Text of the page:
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Editor’s note: This is part three of a series on threat detection.
This marks our third and final installment in our Detection 101 series. So far, we’ve covered the foundational data sources and corresponding threat detections in our initial blog, as well as detections for malware and ransomware in our second installment. Today, we delve into the important detections needed to locate email phishing and business email compromise (BEC) attacks.
Email phishing refers to a fraudulent attempt to obtain sensitive information, such as usernames, passwords, and credit card details, by posing as a trustworthy entity through electronic communication. In a BEC attack, a scammer uses email to trick someone into sending money or disclosing confidential business information.
BEC is a focus area for most enterprise security teams given the potential risk. According to the most recent data from the FBI’s Internet Crime Complaint Center (IC3), the total domestic and international exposed dollar loss attributed to BEC between October 2013 and December 2022 exceeds $50 billion.
Email phishing and BEC attacks both rely on email communication, so an email security tool is integral to protecting your environment. However, while an email security tool plays a central role in detecting phishing attempts, it’s not the sole solution.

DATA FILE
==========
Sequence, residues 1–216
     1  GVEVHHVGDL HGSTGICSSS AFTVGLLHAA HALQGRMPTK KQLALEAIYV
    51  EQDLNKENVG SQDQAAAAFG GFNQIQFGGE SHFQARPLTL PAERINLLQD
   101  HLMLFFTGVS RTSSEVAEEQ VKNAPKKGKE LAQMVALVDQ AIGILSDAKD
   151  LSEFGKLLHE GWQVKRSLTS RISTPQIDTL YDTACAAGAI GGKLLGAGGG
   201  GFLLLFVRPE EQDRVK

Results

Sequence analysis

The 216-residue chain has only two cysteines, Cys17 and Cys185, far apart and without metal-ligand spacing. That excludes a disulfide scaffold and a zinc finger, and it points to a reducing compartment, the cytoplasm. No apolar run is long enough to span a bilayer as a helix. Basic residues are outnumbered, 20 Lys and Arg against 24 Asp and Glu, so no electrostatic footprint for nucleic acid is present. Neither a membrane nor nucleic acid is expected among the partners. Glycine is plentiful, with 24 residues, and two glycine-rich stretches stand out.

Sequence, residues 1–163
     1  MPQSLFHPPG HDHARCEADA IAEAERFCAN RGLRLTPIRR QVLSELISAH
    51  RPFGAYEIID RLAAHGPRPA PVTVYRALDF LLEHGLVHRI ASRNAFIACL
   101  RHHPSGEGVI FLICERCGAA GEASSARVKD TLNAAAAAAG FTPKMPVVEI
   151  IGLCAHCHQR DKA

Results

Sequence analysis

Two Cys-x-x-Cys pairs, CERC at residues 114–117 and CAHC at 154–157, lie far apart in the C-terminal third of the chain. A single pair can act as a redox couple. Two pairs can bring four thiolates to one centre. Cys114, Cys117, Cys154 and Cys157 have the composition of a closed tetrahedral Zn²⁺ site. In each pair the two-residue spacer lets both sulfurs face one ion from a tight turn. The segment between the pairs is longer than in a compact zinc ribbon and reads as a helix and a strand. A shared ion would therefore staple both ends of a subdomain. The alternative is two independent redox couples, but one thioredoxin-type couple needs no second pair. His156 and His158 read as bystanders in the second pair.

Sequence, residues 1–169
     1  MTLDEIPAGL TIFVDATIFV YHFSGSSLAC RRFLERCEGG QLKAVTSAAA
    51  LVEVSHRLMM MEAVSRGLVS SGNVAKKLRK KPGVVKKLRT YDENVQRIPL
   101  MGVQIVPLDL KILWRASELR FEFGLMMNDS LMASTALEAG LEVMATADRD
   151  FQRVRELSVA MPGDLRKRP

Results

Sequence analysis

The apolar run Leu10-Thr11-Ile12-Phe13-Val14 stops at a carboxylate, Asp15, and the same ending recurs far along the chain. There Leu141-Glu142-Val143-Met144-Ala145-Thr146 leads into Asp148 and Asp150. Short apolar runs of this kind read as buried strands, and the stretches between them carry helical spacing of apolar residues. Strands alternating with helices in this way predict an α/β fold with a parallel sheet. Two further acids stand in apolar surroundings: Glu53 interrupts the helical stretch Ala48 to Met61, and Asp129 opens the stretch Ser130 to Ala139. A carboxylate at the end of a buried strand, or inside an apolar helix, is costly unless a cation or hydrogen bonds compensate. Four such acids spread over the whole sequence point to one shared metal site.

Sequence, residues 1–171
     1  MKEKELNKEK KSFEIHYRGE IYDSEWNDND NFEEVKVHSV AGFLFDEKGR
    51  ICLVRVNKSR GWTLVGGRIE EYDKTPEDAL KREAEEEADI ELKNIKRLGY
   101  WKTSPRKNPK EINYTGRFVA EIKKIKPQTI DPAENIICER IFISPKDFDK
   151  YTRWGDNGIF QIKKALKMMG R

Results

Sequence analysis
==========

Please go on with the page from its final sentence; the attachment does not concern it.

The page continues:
To effectively detect phishing and BEC incidents, it’s important to take a holistic approach, which requires gathering telemetry data from various sources throughout the network and security tool spectrum. The data sources beyond email security solutions include:
The initial step in detecting phishing and BEC attacks usually involves an email security tool. In Table 1 below, you will find the foundational detection rules for email security tools.
Different security tools can combine to provide optimal protection against phishing and BEC, but also provide detection-in-depth to prevent a threat slipping through a single protective layer.
Enterprises typically have multiple layers of defense against email-borne attacks. Applying a tuned detection rule across those data sources increases the likelihood of locating and isolating a phishing attack before damage can be done. For example, a “Phishing Link Clicked” event detects a malicious URL in an email that was clicked by a user and allowed. This event can be detected using logs from email security, CASB, network intrusion detection, threat intelligence, and EDR security solutions. In Table 2 below, you will find the baseline detections rules you should use when you have multiple data sources.
Combining multiple data sources for multi-point detection helps combat recent threats attempting to overcome MFA. One of the few ways that an attacker can bypass MFA is to phish a user. The attacker tricks the user into submitting their credentials into a fake website and then prompts them to enter their MFA. The rule below takes a step beyond a “Phishing Link Clicked” rule that used a single tool to add an MFA event. The rule combines two steps. First it detects a malicious URL in an email that was clicked by a user and allowed. Then, it requires the user to authenticate successfully via MFA.
Threat intelligence informs and improves detection by leveraging the latest phishing indicators of compromise (IoCs) such as malicious URLs, credential harvesting sites, and bad email senders. Incorporating good intelligence that aligns with your existing countermeasures improves your defensive layers against phishing and BEC.